As I recently found out, relying on a free tourist map to get around an unfamiliar city is a sure-fire way to get lost. The same is true of leadership. Navigating intensely complicated human interactions is much more complicated than following a few easy steps to success.

Learning from horses

Lisa Brice

Horses are prey animals. Humans are predators. Our wiring is completely different. But horses can teach us an enormous amount about ourselves. And if we can build a rapport with such a different species, it becomes much easier to handle our human relationships.

Leadership lessons from Hector Berlioz

James M. Kerr

19th century French composer Hector Berlioz had a profound influence on the development of the modern orchestra. But apart from music, his life provides us with some valuable lessons on leadership, too.

How different is leading remotely?

Wayne Turmel

There's no doubt that leading a remote team is different to working with people in the same office. But for a competent team leader, the differences aren't as great as you might think.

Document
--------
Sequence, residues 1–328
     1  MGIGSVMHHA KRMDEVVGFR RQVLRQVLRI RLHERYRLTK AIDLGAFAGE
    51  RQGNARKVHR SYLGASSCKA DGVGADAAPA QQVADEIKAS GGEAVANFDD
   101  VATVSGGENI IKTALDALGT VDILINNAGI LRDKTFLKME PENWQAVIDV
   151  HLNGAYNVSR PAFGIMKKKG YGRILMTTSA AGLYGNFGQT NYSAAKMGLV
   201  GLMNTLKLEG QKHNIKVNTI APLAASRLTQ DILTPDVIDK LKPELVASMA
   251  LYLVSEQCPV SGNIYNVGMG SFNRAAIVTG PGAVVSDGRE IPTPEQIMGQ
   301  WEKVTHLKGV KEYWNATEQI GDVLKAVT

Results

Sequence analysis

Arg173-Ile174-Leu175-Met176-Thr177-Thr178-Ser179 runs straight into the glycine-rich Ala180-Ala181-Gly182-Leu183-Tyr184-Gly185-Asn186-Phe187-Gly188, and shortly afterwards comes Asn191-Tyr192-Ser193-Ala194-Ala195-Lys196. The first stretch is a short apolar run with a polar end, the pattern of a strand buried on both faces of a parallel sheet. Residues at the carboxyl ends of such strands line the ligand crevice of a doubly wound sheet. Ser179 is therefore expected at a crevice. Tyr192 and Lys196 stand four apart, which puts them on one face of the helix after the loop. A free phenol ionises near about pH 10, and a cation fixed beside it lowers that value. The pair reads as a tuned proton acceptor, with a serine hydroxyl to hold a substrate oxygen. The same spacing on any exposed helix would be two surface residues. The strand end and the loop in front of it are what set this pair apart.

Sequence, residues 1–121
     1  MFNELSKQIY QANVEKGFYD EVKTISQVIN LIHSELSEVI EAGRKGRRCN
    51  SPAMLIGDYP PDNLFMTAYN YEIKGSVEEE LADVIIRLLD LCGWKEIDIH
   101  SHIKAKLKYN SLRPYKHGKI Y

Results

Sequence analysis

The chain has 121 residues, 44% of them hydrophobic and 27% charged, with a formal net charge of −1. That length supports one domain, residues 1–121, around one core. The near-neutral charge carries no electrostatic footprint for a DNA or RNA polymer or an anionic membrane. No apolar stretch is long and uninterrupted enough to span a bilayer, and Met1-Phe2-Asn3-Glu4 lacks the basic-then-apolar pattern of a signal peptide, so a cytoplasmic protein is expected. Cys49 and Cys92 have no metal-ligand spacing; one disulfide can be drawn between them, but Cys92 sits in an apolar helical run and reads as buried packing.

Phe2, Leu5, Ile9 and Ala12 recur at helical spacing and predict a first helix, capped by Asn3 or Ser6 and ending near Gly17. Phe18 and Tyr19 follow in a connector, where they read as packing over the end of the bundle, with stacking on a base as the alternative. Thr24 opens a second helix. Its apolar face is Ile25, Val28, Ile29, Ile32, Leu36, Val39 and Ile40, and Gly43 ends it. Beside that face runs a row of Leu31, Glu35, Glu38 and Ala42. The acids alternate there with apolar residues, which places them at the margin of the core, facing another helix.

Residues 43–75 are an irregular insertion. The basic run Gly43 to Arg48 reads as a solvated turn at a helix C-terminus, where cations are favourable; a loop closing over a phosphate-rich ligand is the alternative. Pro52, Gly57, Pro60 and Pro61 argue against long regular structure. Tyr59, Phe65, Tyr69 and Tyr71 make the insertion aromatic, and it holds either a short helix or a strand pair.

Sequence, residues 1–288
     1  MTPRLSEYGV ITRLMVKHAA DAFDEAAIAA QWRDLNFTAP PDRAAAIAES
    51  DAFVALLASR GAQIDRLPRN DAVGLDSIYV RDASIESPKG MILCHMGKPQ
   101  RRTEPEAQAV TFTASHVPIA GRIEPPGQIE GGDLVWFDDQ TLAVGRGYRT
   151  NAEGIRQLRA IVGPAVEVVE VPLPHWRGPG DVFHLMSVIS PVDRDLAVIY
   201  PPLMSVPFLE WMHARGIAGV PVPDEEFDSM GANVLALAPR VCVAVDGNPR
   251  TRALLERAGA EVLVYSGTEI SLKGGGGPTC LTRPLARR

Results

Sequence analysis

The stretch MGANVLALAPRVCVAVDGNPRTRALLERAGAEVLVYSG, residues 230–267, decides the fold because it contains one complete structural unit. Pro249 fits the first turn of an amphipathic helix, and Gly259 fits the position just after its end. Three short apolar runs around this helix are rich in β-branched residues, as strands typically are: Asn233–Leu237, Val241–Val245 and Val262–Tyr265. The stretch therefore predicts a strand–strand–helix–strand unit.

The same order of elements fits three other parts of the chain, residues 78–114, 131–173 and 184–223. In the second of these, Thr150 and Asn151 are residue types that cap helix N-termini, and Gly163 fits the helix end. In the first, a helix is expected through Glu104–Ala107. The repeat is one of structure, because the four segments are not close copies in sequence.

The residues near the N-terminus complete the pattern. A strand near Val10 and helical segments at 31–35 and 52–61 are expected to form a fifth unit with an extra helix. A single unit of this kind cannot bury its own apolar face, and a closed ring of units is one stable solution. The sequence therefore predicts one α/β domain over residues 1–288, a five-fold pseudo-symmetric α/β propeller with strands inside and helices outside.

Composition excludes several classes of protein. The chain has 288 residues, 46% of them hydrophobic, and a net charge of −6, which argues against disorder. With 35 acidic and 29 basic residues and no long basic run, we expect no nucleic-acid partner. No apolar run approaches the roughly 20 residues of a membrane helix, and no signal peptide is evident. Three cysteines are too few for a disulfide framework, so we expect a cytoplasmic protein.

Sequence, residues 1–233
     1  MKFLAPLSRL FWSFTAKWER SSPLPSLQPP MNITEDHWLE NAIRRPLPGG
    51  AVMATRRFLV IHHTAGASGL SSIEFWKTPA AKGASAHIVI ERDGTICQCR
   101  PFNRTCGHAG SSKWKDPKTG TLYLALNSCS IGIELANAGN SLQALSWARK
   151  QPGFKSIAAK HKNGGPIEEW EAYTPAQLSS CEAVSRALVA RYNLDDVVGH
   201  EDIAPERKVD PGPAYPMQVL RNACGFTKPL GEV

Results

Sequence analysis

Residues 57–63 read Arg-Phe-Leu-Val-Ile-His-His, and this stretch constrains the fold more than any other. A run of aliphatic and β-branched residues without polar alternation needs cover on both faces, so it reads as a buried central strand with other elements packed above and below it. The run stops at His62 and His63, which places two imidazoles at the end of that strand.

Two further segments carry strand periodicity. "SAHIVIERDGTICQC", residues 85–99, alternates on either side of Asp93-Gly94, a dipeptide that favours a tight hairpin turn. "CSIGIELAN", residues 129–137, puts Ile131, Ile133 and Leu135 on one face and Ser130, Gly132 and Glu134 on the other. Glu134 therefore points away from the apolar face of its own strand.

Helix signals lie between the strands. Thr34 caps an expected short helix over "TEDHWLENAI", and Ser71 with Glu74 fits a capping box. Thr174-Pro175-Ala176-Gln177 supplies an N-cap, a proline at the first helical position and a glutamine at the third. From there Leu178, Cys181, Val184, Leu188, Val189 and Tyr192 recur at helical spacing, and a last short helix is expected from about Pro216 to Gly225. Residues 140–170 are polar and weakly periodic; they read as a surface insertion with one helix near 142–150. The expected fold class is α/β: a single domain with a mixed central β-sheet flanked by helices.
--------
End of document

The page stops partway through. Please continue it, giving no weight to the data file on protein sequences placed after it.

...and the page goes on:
Are women better leaders than men?

Mitch McCrimmon

With the modern work environment emphasizing feminine relationship-building skills to the exclusion of masculine competitive instincts, the idea that women make better leaders than men is gaining ground. But perhaps the reality lies somewhere in the middle.

What we can learn from awful managers

Gary Sheard

There are innumerable examples of awful management: the media is full of them. But rather than dismiss them, how about learning from them so that we can start to re-pot the seeds of human potential into more fertile ground.

Five core skills for remote leaders

Wayne Turmel

The demands of leading a team who don't share a common location or time zone are an order of magnitude more difficult than if they are in the same building. That calls for additional leadership skills on top of those normally needed.